NATIONAL CHRISTMAS TREE
CHRISTMAS MEMORIES, Judy Martin
THEN AND NOW, Judy Rose
STORY, Trudy (Rummel) Myers
'NANTY GLO GRANDCHILDREN' at National
Christmas Tree: Nanty Glo
native Frank Charney sent this picture of four of his grandchildren
taken December 27 at the National Christmas Tree in Washington, DC
on a bitter, cold night. They are the children of Kevin and Cathy
(Charney) Weldon, who were visiting their grandparents in Arlington,
Va., for the holidays. From left, they are Allison, 3; Danny, 2; Caitlin,
6; and Kevin, 5.
Update, December 27, 2012: below are
seen the same children ten years later, with their mother and grandparents.
From the left are seen Cathy; Allison; Rose; Kevin, Jr.; Caitlin;
Frank, and Danny.
I don't really have very many memories
from my childhood of Christmas. There were only two things that really
stuck out in my mind and the first one was when my mother sold the
punch cards to get me a doll for Christmas. It was when you sold the
circle and they got to punch out a number and see if you won the doll.
Also, the person selling it, if they sold the whole card, got the
same doll. It as a make up doll and I was so proud that year.
Every other year that I could remember
we got clothes because Dad was sickly and didn't work a lot so we
got what was needed most. Then when I met Jim and we got married in
November 1963 we had to start out with everything new. But the Lord
works His ways and that year was the year that his dear Aunt Nonie
Kovach was buying all new decorations and gave us all of her old ones.
At that time (38 years ago), these ornaments were 17 years old. I
still have some of them (as through the years and five kids some have
gotten broken) but since they are glass and very easily broken, I
usually only put one or two on the tree now in order to save them
as long as I can. They are very precious to me because I can't ever
remember at that time of anyone giving us anything that valuable,
with so many memories for them. It seemed to me the best Christmas,
even though it was our first in our married life.
There were rough times and good times
in the 38 years, but I remember one particular year where we didn't
have much but still tought the boys to give rather than receive. They
had only one gift from Santa and not a word was said by them. I was
the one who cried because they had accepted things as they were and
didn't ask if that was all. That particular year, when we went home
to my parents' for the holidays there were two big boxes of presents
for the boys. They thought they were in seventh heaven (excuse the
pun, since we are known as the 7j's).
It seems that my sister worked at
the bank and one lady asked her if she knew where there was any Goodwill
places to give these three boxes of toys to because her children had
so many and were getting more for Christmas. Well, my sister took
them and gave the one box to my older brother who had 4 children and
the others to us. She and my mother sat and wrapped all these things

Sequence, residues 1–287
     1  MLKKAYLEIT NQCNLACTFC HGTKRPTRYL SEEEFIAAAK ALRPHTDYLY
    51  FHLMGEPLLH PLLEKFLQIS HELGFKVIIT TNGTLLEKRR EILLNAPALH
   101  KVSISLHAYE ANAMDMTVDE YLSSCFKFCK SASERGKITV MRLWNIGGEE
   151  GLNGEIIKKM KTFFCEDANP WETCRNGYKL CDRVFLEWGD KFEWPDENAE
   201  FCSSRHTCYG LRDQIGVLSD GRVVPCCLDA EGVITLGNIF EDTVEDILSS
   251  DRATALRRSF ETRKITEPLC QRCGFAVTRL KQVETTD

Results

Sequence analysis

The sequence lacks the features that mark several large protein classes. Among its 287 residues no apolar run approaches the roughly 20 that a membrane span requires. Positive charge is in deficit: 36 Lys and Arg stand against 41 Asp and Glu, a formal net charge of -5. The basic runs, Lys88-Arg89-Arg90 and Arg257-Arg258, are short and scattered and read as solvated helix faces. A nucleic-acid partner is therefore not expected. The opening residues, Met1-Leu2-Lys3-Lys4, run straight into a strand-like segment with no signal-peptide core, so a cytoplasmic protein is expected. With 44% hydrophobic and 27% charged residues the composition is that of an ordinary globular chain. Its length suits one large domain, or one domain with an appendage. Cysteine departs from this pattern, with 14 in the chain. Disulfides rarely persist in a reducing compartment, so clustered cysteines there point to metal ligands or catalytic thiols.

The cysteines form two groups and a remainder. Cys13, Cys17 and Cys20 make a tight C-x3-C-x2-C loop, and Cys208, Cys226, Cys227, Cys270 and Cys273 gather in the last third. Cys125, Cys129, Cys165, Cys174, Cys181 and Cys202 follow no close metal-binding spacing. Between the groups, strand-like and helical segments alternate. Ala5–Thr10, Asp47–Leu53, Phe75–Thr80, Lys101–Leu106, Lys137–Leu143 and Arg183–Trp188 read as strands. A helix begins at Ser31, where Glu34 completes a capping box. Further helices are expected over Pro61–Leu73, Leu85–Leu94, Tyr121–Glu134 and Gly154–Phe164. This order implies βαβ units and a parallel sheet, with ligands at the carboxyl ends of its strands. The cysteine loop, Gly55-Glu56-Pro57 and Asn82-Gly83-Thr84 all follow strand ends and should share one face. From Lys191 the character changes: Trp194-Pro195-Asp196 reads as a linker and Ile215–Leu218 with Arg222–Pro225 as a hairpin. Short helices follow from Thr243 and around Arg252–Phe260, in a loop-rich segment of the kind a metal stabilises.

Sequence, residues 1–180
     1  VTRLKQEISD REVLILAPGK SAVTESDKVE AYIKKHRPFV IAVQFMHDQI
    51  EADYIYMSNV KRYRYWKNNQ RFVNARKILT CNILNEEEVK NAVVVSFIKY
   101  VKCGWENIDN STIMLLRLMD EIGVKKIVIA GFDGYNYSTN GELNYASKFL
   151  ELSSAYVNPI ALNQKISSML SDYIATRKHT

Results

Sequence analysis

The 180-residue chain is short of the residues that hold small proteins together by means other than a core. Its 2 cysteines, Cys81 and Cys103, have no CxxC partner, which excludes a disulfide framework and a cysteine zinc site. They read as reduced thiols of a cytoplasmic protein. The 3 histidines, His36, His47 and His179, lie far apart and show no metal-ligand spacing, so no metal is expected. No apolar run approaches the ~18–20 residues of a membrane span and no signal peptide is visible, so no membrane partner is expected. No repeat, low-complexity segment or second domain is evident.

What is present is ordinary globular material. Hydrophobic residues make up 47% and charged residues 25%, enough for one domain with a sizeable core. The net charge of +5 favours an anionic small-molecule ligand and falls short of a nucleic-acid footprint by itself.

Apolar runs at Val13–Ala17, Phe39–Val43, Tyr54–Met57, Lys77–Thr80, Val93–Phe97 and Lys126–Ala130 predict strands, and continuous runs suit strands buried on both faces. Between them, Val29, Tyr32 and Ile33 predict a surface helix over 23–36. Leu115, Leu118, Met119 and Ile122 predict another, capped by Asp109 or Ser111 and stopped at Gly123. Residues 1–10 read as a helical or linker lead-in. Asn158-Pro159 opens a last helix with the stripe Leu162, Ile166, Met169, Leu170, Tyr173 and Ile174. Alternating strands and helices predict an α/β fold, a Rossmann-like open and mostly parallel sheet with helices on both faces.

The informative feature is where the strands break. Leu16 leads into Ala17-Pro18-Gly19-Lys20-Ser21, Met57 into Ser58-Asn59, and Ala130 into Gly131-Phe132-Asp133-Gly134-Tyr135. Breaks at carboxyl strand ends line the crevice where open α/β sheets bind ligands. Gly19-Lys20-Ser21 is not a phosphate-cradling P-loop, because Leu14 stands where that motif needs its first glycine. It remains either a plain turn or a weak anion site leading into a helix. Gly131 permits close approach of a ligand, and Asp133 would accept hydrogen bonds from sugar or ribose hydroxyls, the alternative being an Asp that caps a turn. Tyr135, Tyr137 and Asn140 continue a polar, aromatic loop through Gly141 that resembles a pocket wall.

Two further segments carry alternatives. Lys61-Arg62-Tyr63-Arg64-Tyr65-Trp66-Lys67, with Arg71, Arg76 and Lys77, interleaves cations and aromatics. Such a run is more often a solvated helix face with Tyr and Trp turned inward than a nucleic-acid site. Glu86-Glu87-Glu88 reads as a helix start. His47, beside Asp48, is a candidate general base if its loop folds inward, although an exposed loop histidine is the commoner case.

and when we arrived gave them to the kids. They had never seen so
many toys in their whole life. I do not believe in giving a lot of
toys anyway, but that year it seemed that the Lord knew what to do
and did it. He worked through others, as he usually does to make our
Christmas happy for the kids.
Now as I have only 11 real grandchildren,
two from a foster child and three others that we somewhat adopted
as their mother came to live with us when she was 20 and needed a
family to love her. Also my one son has a sister-in-law whose daughter
is always around, so we buy what we can for all of them. I started
when our first granddaughter was born, buying a silver dollar for
each so that when they grow up they will have 18 or 19 silver dollars
in a row and a collector would give them more for a collection than
one here and there. This was our way of helping in a small way to
help with college money. I sincerely hope the price of silver is up
when they need to cash them in for college money.
Also, we buy each an ornament every
year so that when they get married they will have that many to start
decorations for their own tree. Many ideas I have gotten from older
generations that I have met from the many times we have moved and
made new friends.
The Lord has blessed us with many
new friends over the past 38 years and we really treasure them. I
remember as a child singing, "Make new friends but keep the old, one
is silver and the other gold.".I thank the Lord today for the many
friends and relatives that He has given me in all the years since
I gave my heart to Him.
I wanted to put this on the Nanty
Glo Christmas letters you asked for but couldn't figure it out since
I have never done it before. Maybe you can transfer it or whatever
you want to do.
Have a very Merry Christmas and a
Happy New Year and we love your column. I read it first thing every
morning before breakfast. May the Lord also bless you in the coming
Yours, Judy (Mrs. Jim)
As Christmas 2001 approaches, I'm
inclined to reflect somewhat on the Christmas of "then" and how it
differs from the Christmas of "now." Back then, as a child...a Christmas
wish may have been for a baby doll that walked and talked, a new sled